Food Allergy: Guidelines for Managing an Untreatable Disease

NIAID issues guidelines for diagnosing and managing food allergies

/ Author:  / Reviewed by: Joseph V. Madia, MD

(RxWiki News) Food allergy is a disease that has no treatment. A public health problem becoming increasingly more prevalent, food allergy can only be managed by avoiding allergens or through treating the symptoms after a reaction.

Additionally, it can prove troublesome diagnosing food allergy because many food intolerances can easily be mistaken for food allergies.

In order to address these issues and concerns, the National Institute of Allergy and Infectious Diseases (NIAID) sponsored a report to develop concise clinical guidelines concerning food allergy. Working with 34 professional organizations, federal agencies, and patient advocacy groups, NIAID produced guidelines for healthcare professionals on how best to diagnose and manage food allergy as well as how to treat acute food allergy reactions.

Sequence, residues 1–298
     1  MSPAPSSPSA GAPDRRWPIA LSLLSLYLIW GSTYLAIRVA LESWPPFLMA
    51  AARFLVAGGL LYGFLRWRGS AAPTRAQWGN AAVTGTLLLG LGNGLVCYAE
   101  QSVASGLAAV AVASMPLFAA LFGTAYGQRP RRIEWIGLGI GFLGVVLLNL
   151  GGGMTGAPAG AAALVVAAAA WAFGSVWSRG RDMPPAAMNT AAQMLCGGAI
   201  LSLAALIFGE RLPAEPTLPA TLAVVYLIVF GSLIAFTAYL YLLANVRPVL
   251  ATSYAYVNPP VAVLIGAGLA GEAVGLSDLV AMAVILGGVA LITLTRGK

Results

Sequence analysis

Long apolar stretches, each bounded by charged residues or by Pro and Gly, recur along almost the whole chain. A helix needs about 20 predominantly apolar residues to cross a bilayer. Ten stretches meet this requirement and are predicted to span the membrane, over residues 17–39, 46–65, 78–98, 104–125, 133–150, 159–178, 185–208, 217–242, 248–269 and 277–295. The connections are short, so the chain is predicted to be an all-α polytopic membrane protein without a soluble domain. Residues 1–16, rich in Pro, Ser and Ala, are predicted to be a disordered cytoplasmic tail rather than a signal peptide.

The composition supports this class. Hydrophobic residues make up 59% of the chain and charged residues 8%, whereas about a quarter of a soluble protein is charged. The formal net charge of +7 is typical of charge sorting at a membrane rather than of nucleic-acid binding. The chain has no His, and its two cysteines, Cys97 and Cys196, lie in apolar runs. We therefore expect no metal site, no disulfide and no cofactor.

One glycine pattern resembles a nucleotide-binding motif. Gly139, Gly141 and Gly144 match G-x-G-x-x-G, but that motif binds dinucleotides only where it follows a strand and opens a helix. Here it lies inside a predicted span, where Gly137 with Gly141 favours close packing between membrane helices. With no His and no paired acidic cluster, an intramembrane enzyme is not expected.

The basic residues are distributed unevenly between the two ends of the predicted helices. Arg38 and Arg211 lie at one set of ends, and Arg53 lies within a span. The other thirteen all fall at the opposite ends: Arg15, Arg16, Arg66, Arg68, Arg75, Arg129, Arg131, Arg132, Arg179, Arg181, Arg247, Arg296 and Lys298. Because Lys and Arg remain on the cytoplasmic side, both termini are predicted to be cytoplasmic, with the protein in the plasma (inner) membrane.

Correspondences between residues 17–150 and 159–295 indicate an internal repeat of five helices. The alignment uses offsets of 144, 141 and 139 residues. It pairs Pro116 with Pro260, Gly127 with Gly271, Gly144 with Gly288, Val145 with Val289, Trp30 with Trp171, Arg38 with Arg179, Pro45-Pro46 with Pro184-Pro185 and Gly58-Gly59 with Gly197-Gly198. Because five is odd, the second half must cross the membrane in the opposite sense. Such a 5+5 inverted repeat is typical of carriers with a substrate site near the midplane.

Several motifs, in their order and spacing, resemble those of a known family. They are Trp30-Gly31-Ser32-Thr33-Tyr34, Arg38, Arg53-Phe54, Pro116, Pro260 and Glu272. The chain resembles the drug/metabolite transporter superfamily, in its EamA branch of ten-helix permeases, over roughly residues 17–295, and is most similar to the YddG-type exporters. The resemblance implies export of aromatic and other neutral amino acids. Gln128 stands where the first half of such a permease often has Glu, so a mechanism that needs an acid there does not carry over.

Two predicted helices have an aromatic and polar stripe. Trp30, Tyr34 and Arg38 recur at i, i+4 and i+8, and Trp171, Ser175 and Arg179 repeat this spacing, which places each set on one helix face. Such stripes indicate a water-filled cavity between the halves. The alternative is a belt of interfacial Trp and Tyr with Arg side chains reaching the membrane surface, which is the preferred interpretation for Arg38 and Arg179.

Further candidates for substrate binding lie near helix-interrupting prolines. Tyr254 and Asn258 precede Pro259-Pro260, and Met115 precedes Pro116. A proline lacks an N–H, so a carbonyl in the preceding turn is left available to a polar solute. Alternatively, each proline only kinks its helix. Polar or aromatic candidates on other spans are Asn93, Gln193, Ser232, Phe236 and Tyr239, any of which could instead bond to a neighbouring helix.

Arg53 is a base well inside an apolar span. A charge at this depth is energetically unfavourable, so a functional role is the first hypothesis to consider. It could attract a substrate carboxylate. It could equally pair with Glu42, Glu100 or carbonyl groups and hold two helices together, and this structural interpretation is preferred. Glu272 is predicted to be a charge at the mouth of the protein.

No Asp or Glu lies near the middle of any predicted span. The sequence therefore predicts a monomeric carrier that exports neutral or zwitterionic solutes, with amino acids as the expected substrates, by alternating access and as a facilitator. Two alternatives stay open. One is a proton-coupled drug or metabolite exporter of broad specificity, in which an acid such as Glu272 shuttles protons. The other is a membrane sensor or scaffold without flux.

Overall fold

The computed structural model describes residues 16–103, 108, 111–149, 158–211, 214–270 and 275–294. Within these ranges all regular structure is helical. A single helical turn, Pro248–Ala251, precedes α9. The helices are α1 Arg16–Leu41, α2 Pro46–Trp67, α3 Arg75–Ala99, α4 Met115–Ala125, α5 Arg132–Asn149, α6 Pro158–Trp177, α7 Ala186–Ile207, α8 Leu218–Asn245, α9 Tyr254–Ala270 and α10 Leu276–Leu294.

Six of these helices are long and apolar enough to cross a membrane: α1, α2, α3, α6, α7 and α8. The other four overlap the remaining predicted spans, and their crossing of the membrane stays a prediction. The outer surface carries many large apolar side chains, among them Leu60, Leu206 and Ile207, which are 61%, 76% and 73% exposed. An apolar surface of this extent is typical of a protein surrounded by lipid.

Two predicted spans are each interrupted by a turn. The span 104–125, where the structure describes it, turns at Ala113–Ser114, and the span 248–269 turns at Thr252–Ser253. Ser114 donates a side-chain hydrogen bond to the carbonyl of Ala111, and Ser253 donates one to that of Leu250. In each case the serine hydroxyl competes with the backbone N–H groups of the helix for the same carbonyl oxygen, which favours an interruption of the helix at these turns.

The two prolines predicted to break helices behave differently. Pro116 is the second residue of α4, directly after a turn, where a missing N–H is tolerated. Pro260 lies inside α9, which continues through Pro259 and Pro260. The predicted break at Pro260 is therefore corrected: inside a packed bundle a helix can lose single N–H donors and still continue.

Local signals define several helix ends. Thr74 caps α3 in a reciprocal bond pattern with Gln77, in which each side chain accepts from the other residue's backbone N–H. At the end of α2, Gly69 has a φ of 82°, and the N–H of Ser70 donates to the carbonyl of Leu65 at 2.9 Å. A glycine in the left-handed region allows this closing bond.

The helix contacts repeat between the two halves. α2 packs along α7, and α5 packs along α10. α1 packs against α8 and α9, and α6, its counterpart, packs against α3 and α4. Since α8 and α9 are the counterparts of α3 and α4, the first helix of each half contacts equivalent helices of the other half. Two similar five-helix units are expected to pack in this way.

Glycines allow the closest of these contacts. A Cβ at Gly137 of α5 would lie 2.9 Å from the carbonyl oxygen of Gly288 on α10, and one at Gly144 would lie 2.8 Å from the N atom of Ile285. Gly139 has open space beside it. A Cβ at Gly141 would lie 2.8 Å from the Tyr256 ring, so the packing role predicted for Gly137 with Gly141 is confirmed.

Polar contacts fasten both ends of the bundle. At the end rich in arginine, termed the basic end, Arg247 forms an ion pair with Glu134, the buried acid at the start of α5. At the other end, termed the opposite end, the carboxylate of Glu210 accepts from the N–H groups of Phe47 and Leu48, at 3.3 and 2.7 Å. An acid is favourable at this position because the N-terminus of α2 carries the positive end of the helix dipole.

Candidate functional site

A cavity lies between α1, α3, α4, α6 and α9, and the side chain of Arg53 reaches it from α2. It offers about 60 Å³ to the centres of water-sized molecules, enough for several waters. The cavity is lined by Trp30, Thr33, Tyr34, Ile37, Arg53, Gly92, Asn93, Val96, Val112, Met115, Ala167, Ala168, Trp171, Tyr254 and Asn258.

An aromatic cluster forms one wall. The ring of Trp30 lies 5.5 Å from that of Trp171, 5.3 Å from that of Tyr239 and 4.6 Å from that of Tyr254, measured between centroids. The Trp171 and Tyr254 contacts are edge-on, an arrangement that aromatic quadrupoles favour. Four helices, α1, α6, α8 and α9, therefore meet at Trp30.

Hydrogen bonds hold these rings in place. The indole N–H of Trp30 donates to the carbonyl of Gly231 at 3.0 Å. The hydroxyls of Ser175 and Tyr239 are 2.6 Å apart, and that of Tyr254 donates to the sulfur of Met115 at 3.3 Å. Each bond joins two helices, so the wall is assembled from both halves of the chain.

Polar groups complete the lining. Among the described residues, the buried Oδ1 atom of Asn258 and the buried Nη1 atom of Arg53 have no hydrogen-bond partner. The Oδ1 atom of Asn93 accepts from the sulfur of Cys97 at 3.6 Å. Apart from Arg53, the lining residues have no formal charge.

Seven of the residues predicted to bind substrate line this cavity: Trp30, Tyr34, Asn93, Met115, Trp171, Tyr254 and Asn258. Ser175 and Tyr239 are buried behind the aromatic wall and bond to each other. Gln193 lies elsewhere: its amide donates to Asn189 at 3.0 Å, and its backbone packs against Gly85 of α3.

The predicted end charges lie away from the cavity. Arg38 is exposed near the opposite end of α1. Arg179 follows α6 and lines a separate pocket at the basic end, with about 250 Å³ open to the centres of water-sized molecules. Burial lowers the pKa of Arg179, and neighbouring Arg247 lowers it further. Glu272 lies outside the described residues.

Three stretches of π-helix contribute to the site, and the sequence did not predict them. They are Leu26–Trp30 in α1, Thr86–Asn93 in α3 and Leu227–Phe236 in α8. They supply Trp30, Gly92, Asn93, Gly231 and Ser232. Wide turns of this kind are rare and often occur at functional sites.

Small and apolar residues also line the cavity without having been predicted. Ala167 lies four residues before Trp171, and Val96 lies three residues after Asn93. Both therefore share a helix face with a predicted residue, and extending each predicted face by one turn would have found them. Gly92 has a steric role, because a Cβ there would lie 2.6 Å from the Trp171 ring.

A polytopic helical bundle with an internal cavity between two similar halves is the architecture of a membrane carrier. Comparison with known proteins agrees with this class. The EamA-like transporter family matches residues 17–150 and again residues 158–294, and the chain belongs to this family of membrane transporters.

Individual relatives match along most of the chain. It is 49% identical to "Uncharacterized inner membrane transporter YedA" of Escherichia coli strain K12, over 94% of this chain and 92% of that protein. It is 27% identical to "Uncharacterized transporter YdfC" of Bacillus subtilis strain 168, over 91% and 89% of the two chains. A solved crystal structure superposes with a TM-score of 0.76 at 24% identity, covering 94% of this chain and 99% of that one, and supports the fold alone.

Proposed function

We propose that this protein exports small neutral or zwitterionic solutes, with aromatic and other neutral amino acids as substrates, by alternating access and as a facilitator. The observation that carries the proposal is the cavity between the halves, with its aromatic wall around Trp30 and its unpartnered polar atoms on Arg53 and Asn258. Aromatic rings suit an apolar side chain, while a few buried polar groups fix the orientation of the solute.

The guidelines define food, food allergy, and food allergens. They tell patients, among many other things, how food allergy develops, how to manage food allergy, and what to do in the case of anaphylaxis.

The Guidelines for the Diagnosis and Management of Food Allergy in the United States: Report of the NIAID-sponsored Expert Panel can be found here:

NIAID says that a summary for patients and families will be available in early 2011.

Reviewed by: 
Review Date: 
December 6, 2010
Last Updated:
December 7, 2010